cover the desired resin oil substitutes, which may
be fractionated to yield a light resin oil substi
tute comprising about 10% of the charge, a
medium resin oil substitute comprising about 40%
of the charge and a heavy resin oil substitute
comprising about 40% of the charge, thus leaving
about 10% of bottoms. In this case the bottoms
after redistillation in the present example con
tain besides residual oily constituents an apprecia
ble quantity of oil soluble soaps of organic acids
and of sulfonated organic acids together with
the salts of whatever other products of acid
nature which have been imparted to the oil by
the action of the acid.
The bottoms thus ob
tained from the treatment by Example B have
valuable emulsifying properties with water and
emulsions may be made therefrom by dispersal 10
in desired volumes of water or by diluting with
further mineral oil and dispersing the dilution in
water.
The extract, or resin oil substitutes, processed
as above described, shows excellent compatability 15
with solvents like alcohol, acetone, esters and
other'organic compounds, a property which or
dinary mineral oil does not possess. Further
more, the treated extract is a desirable plasticizer
for nitrocellulose lacquers and ‘enamels being of
a non-drying viscous character and very stable
in the presence of light.
The extract may also be used as a solvent for
rubber, either alone, or mixedvin any proportion
with other rubber solvents, as a substitute for 25
re?ned resin oils, and generally as a solventlfor
resins, gums, varnishes or asphalt.
Likewise, the extract has a wide ?eld as a
blending material with all vegetable oi1s,particu
larly castor oil, a property which ordinary hydro
30
carbon oils do not possess.
The physical characteristics of the treated ex
tract closely resemble those of re?ned resin oils,
as the tables below indicate, applicant's product
being obtained from a distillate of a California 35
crude, having the following characteristics and
being treated in the following speci?c manner:
_
Re?ned resin oil
Spec. grav .......... _.
097-1110
Refractive index ____ __
.
cording to method
described
0.965.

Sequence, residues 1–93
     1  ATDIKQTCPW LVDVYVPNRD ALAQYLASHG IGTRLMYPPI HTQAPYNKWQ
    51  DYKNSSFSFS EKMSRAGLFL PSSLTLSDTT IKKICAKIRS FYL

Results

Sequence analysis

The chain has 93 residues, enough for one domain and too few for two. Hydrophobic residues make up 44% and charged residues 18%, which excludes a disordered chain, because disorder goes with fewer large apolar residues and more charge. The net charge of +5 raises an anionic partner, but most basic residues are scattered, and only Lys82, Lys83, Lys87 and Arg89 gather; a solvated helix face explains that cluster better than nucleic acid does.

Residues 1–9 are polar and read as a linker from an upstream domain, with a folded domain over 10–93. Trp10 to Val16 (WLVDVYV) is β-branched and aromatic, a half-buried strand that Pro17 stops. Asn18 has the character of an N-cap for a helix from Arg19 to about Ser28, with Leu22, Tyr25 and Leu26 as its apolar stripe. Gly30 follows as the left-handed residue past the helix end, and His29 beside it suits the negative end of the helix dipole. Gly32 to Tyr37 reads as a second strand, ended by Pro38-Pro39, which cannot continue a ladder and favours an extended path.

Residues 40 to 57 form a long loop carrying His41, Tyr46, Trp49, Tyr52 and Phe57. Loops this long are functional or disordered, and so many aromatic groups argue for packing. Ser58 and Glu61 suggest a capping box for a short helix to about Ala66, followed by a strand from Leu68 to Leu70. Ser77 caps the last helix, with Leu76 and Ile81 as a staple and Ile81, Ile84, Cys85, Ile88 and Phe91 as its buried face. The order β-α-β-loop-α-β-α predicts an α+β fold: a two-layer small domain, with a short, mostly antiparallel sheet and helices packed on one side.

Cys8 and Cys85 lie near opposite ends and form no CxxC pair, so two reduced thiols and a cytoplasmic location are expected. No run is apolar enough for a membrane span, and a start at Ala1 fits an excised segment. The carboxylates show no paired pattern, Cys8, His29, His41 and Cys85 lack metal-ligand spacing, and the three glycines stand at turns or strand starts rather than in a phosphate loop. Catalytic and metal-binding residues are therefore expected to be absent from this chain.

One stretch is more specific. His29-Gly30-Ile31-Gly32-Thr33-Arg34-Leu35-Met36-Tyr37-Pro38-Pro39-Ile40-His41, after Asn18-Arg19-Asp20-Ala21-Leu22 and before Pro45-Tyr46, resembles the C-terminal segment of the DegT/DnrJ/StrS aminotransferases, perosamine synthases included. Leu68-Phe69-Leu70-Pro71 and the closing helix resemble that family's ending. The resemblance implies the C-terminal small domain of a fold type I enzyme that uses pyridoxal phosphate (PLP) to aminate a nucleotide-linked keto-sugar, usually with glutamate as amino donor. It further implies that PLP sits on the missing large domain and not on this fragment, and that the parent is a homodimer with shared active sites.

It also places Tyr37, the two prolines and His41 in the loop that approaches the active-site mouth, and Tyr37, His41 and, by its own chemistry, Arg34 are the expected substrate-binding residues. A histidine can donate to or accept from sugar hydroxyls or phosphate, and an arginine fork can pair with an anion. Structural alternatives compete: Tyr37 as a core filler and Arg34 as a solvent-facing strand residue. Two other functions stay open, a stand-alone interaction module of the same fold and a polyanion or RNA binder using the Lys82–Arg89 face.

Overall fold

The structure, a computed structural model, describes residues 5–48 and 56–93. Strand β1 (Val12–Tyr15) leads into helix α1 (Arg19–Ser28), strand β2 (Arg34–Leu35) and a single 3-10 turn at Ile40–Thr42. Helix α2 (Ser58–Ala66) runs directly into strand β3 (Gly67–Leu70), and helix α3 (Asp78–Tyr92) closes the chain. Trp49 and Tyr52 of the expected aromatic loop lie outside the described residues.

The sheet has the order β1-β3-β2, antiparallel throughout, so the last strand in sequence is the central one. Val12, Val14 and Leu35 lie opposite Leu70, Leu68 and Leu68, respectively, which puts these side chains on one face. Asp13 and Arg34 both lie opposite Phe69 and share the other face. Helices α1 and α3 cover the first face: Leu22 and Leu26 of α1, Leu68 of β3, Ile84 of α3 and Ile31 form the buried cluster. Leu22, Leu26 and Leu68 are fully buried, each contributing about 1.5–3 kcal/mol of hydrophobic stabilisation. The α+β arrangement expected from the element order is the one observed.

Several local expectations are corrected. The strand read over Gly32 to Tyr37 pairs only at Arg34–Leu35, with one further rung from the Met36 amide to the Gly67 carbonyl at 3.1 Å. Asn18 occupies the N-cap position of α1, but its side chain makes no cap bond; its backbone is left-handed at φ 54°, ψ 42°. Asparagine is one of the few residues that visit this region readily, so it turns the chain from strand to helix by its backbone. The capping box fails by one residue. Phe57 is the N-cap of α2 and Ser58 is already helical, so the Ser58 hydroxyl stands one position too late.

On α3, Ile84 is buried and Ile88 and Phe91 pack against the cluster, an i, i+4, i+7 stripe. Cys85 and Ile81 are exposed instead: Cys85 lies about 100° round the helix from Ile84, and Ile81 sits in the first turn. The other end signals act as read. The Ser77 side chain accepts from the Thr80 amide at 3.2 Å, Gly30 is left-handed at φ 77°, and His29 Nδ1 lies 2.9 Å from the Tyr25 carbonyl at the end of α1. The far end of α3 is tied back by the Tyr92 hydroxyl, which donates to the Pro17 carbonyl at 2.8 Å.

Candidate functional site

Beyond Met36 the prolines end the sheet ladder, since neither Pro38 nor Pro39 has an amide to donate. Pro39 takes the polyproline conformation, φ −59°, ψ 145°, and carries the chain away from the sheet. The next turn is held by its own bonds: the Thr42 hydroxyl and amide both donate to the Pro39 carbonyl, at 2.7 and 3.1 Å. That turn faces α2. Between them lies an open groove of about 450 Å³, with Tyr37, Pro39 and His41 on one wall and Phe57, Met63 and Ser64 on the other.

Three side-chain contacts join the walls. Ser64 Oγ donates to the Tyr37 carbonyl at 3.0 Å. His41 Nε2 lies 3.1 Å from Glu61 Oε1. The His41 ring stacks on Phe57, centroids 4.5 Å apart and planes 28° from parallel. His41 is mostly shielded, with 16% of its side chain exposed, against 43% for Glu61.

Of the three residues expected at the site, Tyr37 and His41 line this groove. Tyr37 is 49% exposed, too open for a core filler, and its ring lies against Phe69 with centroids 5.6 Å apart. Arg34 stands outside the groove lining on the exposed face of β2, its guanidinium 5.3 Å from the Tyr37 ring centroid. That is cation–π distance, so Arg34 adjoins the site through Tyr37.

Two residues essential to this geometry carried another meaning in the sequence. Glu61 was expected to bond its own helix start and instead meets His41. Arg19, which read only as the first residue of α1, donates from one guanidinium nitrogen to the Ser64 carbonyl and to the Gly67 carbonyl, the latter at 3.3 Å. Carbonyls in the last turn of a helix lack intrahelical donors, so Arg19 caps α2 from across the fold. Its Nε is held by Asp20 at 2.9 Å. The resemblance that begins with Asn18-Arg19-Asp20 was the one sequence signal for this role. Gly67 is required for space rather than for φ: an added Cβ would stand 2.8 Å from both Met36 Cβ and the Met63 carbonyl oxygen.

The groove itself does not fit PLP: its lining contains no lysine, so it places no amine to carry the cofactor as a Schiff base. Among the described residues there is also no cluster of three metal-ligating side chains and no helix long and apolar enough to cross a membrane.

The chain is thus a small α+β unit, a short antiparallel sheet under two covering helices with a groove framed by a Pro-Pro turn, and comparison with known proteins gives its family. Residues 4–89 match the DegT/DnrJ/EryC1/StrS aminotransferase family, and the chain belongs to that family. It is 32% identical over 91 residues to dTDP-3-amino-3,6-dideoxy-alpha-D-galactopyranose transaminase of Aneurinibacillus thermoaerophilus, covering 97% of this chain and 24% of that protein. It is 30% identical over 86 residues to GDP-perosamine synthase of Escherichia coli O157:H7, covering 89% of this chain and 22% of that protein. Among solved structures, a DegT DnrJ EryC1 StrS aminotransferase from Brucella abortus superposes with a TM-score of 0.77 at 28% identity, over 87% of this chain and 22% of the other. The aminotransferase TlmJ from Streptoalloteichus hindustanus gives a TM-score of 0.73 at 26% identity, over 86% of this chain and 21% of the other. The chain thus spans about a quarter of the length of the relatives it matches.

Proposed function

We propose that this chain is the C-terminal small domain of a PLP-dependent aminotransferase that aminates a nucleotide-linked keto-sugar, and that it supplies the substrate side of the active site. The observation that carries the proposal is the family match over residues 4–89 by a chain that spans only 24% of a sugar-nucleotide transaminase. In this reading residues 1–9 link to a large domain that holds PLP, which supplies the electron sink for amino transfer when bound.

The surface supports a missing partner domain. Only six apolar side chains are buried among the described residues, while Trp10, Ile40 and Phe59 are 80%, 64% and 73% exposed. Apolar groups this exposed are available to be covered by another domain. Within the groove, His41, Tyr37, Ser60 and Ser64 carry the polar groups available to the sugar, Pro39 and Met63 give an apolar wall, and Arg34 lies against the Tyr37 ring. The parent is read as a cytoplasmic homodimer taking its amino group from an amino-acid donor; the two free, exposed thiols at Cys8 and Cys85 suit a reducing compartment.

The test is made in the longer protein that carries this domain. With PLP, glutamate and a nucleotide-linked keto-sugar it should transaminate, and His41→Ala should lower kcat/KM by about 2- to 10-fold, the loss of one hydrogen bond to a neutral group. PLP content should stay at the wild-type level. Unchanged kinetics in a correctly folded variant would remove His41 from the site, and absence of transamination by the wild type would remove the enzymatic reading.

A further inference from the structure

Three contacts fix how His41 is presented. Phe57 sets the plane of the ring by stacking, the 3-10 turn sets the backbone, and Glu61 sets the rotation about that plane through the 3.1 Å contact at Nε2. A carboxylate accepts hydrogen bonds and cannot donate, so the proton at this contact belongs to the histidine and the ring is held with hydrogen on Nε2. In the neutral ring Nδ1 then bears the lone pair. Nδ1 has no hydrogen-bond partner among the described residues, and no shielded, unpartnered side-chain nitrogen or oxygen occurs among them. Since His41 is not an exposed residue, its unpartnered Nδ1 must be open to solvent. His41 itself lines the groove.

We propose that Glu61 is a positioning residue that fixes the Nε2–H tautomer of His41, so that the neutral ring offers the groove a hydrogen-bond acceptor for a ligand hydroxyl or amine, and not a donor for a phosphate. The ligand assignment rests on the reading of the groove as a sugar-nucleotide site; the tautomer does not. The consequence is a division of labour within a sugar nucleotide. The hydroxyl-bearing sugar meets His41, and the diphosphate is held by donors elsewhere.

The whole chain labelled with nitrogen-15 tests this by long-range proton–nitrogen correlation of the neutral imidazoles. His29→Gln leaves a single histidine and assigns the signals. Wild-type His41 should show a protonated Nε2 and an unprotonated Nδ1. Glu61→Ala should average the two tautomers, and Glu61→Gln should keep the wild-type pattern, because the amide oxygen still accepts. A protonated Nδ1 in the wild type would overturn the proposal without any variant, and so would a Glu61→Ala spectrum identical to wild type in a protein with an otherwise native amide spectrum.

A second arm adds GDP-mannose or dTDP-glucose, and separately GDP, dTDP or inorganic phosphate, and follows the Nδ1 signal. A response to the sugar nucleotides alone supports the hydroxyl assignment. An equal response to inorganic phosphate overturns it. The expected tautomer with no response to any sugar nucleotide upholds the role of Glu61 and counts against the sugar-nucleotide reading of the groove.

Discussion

.
1.5449.
Misei. in any proper. Miscj in any proper.
_____
Acetic acid ester and
-
1. 5306-1. 550
21 he]
Substitute made ac
o ____________ -.
o.
_.___do ____________ ..
Do.
45
other aliphatic es
ters.
Aniline _____________ _. _1___do ____________ _.
Do.
Castor oil _______________ __ -do ____________ ._
Do.
contain besides residual oily constituents an ap
50 preciable quantity of salts resulting from the
neutralization of the acidity imparted to the oil
during acid treatment, this neutralization being
the main function of the use of the alkali.
Said
bottoms have no particular emulsifying action
55 when mixed with water, or with further mineral
oil and water.
Example B
An extract vcontaining unsaturated ‘and aro
matic hydrocarbons obtained fromtreating a
60 California lubricating distillate, or any other lu
bricating crude, with liquid S01, containing or
ganic acids and having an approximate range of .
viscosity between 40 and 150 at 210° F. is agi
tated for about one hour with concentrated sul
phuric acid(98%) at atmospheric temperature,
the acid being used at the rate of about 2 pounds
of acid per barrel of extract. The mixture is
then permitted to settle for about twelve hours
and the acid sludge is then removed. The acid
70 treated extract is redistilled (preferably under
vacuum) in the presence of from 1.5 to 2 pounds
of NaOH per barrel of extract to recover resin
oil substitutes and bottoms in the same propor
tions as yielded from Example A, with the dis
tinguishing diiference that‘ the 10% bottoms left